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The Best Sunglasses For Water Sports

Prizm Deep Water Polarized lenses filter out the shades of blue that overwhelm your vision on open water. Whether you’re tubing, fishing, or driving your jet ski, you’ll want these lenses to better see below the surface any time you’re on the water. The added polarization cuts through the glare of the water.

Silver Prizm Shallow Water Polarized lenses are perfect for fishers. They boost green and copper hues that define hiding spots and maintain bright whites to spot the fish and flies more easily. They also help detect the fish’s shadows underwater, according to replica Oakley.

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The Best Sunglasses For the Trails

You can bike, hike, and run knowing that you won’t wipe out while wearing the red-tinted Oakley Prizm Trail Lenses. These replica sunglasses are engineered to enhance the definition of reds and browns, allowing you to see and react faster to creases and patches of sand, roots, and rocks.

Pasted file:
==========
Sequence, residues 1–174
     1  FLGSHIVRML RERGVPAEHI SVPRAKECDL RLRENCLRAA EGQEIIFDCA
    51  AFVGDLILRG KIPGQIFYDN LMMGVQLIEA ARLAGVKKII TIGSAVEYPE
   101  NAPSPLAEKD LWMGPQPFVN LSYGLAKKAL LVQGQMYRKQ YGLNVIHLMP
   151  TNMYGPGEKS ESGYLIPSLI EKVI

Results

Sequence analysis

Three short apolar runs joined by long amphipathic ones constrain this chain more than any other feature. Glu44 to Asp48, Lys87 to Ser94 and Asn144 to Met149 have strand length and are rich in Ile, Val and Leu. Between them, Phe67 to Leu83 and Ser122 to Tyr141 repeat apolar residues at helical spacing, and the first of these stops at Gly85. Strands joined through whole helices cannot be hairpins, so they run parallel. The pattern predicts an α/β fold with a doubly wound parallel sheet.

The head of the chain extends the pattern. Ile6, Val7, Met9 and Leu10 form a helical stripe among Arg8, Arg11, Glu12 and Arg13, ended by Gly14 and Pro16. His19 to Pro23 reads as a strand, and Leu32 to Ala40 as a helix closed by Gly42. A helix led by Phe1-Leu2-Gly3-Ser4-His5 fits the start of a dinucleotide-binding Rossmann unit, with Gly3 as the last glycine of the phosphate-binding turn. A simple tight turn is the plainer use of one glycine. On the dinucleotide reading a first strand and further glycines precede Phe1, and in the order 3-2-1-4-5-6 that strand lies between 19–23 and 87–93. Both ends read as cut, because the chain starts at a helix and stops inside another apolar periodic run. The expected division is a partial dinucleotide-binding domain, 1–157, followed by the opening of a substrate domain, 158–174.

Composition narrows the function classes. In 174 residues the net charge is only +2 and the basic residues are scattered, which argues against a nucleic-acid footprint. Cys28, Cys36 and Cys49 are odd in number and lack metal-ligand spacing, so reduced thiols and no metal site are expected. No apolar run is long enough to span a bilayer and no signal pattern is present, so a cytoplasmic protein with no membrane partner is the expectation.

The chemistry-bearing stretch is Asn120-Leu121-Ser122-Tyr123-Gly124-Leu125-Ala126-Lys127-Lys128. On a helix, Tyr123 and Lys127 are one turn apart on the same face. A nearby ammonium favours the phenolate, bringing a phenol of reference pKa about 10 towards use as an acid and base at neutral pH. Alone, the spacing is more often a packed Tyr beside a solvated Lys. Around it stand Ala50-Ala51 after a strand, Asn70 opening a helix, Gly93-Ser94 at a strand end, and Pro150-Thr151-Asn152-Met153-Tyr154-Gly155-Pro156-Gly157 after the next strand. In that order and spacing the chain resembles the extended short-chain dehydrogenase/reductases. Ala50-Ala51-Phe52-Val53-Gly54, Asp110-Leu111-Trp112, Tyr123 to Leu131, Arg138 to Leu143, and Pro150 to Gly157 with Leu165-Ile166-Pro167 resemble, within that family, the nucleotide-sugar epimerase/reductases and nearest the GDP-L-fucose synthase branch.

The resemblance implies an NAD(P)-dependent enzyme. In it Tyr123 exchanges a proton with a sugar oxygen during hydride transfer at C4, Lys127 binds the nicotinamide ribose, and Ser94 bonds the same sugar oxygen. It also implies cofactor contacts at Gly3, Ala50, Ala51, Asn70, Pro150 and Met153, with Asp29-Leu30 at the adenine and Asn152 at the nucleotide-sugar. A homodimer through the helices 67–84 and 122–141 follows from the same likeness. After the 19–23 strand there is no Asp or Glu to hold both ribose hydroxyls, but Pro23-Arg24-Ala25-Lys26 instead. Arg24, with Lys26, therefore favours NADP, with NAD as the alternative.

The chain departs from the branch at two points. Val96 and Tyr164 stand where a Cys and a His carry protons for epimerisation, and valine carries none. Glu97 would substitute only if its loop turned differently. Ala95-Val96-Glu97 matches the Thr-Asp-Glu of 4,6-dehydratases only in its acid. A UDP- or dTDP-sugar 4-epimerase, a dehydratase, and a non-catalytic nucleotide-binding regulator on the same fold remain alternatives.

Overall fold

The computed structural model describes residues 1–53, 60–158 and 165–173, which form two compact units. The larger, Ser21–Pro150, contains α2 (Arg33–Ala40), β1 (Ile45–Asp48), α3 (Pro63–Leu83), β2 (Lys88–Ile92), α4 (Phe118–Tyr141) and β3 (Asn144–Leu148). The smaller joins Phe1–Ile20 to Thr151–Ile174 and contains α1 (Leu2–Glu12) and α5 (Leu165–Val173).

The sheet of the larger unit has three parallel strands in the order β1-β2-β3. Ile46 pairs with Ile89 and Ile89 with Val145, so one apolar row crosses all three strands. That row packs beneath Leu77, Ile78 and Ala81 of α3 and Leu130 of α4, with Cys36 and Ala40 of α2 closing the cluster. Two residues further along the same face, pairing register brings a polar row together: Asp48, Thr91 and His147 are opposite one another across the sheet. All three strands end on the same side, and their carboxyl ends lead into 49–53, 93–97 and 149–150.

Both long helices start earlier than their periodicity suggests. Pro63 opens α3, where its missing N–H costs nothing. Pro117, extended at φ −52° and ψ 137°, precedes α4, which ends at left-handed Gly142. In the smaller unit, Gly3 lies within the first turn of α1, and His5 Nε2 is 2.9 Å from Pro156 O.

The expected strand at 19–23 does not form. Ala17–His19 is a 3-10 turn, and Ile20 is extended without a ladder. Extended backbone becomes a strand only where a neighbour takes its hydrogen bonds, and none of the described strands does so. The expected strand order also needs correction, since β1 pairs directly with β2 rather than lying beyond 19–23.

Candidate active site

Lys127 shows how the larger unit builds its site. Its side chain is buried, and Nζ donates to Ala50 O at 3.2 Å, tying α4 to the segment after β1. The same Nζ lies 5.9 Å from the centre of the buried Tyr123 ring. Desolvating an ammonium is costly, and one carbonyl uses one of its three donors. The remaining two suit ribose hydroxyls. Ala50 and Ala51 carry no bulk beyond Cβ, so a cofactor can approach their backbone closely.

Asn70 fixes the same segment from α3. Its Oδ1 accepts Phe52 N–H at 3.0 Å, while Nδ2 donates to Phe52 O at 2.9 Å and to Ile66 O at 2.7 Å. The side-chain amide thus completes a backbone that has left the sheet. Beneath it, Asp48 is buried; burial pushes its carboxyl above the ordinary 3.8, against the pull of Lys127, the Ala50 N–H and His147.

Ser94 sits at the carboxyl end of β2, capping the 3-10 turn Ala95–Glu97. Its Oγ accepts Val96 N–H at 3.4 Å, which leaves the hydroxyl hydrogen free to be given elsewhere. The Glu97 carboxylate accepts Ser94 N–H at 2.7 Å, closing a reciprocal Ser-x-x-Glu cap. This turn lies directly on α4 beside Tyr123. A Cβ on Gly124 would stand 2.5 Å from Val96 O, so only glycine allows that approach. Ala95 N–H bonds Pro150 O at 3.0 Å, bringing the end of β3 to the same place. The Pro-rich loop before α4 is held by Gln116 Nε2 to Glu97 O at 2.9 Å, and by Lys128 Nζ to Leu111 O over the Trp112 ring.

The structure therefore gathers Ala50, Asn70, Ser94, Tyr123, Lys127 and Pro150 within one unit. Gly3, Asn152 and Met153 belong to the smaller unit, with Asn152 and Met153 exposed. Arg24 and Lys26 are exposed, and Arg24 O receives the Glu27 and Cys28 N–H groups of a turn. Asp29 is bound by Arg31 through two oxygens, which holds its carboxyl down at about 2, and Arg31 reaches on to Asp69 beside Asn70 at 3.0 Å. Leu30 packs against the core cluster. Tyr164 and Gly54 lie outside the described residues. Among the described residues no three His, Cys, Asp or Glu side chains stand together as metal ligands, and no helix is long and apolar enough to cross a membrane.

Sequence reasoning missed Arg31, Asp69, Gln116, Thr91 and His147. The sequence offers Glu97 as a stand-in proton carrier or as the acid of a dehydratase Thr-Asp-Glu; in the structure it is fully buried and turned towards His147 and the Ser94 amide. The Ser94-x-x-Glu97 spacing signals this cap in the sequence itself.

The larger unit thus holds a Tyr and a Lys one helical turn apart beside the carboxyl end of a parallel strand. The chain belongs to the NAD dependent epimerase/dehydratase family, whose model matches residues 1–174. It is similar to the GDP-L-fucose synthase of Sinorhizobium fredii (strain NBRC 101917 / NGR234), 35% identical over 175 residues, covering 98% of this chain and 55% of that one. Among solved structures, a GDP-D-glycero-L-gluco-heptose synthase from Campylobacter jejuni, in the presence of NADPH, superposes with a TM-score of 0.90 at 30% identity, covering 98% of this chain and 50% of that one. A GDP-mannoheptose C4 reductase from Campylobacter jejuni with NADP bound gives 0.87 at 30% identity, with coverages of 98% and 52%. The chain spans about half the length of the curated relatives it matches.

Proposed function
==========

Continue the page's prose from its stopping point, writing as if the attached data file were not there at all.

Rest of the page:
“Color separation is the key,” says Chumbley. “This lens allows you to identify texture and hazards, giving you the ultimate depth perception needed at the high speeds of off-road mountain biking.”

Cheap SEAL Cerakote Recon Oakley Sunglasses

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Deep in the woods, just outside of Idyllwild California, I was shooting a piece on how to do a “Clover Leaf Recon.”

I had intended to produce that piece and only include short blurbs about the gear I had chosen to use, but when I started to research the glasses I had with me I found the coating on them so interesting that I thought I should share it with you all.